Your "To Do" List?

Hi all,

I'm just doing some more research into project management for games companies and my current focus is to find out what process is the most efficient for managing task lists and updating the status of tasks on a bi-daily basis.

What method has worked for you?

rezn0r's picture

Hansoft's "Project Manager" has been highly recommended to me, though I've yet to trial it fully.

http://www.hansoft.se

This sounds like the kind of thing you're looking for.

Cheers,

Scott.

J I Styles's picture

As great as any structured and well executed project management system/methodology is, never underestimate or under-value temporary and volatile methods either since development is always in flux -- single most successful management policy I've seen is literally a "live" whiteboard, sticky notes, and actually listening to peoples estimates of how long an individual task will take for them. The amount of times I've seen a schedule made of the formula "amount of time divided by number of tasks" is plain scary.

Mdobele's picture

For our small team of <10 people on this project simple Excel spreadsheets split into milestones seems to work best for tracking tasks and hours. For me they are easy to look over each day and track any fluctuations without draining alot of my or my teams time.

They are simple for the team to use as well and they are able to update and change estimates as they go.

I tried a few times to use Microsoft Project but it was just overkill for me and the team found it too difficult to use.

In the end you just gotta go with what works best for you and your team.

J.I Styles "amount of time divided by number of tasks"
[:D]

Jackydablunt's picture

Management in an Aus studio?? What are you, insane!!

Angel's picture

Maybe, but that was a year ago, so I can't remember

Jackydablunt's picture

Styles-----------
"single most successful management policy I've seen is literally a "live" whiteboard, sticky notes, and actually listening to peoples estimates of how long an individual task will take for them"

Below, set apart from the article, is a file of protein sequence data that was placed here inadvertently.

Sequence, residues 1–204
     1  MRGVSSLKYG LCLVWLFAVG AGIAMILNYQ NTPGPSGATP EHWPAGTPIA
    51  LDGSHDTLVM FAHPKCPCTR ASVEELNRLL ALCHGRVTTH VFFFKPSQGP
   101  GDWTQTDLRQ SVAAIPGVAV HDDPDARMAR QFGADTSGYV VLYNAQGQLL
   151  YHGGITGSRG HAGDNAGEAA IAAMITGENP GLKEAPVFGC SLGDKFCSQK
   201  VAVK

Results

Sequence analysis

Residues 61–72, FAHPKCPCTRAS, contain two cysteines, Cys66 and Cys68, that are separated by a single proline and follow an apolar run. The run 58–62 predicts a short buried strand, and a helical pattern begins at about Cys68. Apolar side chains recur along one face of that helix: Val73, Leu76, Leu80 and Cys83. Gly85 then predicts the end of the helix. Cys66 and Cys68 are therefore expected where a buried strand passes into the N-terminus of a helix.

------------------

Actually that's pretty much the "Agile" method we use, with user stories and task cards, and yeah so far that seems to be pretty kick ass. Very concise, very dynamic, allows for input from all involved, and provided an overall scope on the project is maintained so all the little parts slot in where and how they're supposed to, it's a Designer's heaven.

rezn0r's picture

Agile Software Development can be quite good. After working on bloated, ass backwards projects, it's great to get back to the fundamentals.

I've enjoyed working with ScrumSprint, and would recommend these for teams of around 8 or less. There's something to be said for letting the team decide what they can achieve in a given time, and then letting them knock the work over in any way they choose within that given time. A methodology built around the fact that your requirements are subject to constant change... that sounds like games to me.

If you're a self-important manager, it can seem a bit daunting at first however as the team takes personal accountability for their work, solve their own problems, and generally don't need you to bother them. Though you may feel a bit more hands off, when you realise that all of these are good things, life is peachy keen.

The only thing that bugs me is, at the beginning of a new sprint I need to sit down and write out a wall's worth of task cards. My hand gets sore. To forfeit the "wall of destiny" for electronic means though would be a big mistake.

Time for my first coffee of the day so I'm not bleary eyed in our upcoming scrum. I recommend these scrum meetings... "what did you do yesterday, what will you do today, what are your impediments?" Gets those cogs turning in everyone's heads, and you're a lot less likely to have an "I told you so" moment because issues are frequently reported, and can't be neglected.

Peace out.

Scott.